ONLY one in ten drinks sold in English hospitals will have added sugar — as part of the NHS’s bid to curb obesity.
Efforts to restrict sales of sweetened drinks could help patients, visitors and staff cut down their sugar intake, NHS England said.
NHS England is to restrict sales of sweetened drinks in hospitals[/caption]
It is estimated that more than half of health service workers in England are overweight or obese.
NHS England said all 227 trusts have pledged to reduce sugar-sweetened drinks to ten per cent or less of total sales.
Trusts already participating have seen the proportion of drinks that contain added sugar fall to just 7.4 per cent.
The body said 23 trusts and two retailers have decided to stop selling sugary drinks altogether.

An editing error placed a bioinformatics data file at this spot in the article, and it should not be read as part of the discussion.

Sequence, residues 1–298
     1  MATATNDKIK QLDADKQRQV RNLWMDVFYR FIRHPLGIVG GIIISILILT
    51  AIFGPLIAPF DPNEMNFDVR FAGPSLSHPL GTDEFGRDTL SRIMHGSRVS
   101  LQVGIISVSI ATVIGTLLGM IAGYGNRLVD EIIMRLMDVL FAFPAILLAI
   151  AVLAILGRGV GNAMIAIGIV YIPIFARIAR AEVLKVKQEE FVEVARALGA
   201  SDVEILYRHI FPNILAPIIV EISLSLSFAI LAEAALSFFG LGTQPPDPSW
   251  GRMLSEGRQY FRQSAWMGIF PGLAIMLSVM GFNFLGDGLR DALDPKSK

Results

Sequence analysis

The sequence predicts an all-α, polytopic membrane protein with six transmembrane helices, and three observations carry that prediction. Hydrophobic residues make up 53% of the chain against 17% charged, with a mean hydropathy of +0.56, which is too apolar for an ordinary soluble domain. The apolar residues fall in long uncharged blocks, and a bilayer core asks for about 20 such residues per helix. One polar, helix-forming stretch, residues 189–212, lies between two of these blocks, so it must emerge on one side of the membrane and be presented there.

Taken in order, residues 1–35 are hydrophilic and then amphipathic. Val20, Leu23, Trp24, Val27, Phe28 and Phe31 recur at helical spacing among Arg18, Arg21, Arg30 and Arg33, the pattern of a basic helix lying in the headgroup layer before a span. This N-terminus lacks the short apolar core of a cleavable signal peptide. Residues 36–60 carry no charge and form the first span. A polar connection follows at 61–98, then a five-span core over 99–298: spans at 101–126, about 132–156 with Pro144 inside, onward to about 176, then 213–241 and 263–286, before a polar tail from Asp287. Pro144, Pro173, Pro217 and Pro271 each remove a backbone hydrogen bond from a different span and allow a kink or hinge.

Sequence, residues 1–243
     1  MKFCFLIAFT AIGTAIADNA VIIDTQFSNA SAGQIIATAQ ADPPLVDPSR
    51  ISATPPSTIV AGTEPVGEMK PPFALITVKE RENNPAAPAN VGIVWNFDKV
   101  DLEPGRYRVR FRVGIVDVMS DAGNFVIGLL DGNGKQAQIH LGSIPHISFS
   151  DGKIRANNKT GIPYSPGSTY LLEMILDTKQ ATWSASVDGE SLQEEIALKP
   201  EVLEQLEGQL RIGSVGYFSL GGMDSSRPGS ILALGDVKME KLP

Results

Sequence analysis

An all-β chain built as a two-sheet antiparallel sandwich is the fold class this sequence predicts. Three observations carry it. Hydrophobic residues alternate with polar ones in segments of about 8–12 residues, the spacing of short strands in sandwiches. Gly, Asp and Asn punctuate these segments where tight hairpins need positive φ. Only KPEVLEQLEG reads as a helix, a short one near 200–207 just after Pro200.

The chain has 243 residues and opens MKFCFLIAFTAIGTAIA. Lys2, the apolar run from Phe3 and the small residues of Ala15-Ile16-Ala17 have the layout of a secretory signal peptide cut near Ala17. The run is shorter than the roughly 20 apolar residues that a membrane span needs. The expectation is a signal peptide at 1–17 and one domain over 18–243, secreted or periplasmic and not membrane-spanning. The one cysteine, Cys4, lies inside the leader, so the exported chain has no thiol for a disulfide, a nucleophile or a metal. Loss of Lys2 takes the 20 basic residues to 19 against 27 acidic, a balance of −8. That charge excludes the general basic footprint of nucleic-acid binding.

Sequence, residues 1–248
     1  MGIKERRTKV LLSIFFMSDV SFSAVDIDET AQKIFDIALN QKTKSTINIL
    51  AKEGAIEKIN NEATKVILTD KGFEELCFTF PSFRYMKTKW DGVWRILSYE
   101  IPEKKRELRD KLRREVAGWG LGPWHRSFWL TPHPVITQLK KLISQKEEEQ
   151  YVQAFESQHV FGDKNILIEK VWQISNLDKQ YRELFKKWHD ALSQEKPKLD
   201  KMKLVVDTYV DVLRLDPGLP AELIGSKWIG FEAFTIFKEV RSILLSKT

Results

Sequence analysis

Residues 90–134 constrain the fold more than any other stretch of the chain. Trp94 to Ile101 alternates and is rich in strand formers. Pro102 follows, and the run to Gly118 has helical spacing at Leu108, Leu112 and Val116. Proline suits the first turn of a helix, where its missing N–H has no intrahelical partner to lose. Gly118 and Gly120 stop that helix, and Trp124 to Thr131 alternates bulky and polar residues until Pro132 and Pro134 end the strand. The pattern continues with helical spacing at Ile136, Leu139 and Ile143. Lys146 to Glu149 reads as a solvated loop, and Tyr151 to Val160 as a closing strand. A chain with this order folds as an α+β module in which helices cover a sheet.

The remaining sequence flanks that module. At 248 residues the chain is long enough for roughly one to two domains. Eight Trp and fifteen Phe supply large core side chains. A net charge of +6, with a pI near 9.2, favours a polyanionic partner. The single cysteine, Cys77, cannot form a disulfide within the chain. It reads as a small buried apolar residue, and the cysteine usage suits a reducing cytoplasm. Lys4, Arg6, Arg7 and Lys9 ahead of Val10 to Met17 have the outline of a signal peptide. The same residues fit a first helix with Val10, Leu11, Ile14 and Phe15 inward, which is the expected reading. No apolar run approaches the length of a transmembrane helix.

NHS England boss Simon Stevens said all hospitals were now ‘answering this important call to action’[/caption]
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Trusts have already been incentivised to limit the amount of confectionery sold in hospitals.
NHS England boss Simon Stevens said all hospitals were now “answering this important call to action”.
He added: “Obesity and its associated dangers is a worrying challenge and it is crucial — as we draw up a long-term plan for the future of the NHS — that we act to avoid a long list of preventable problems.”
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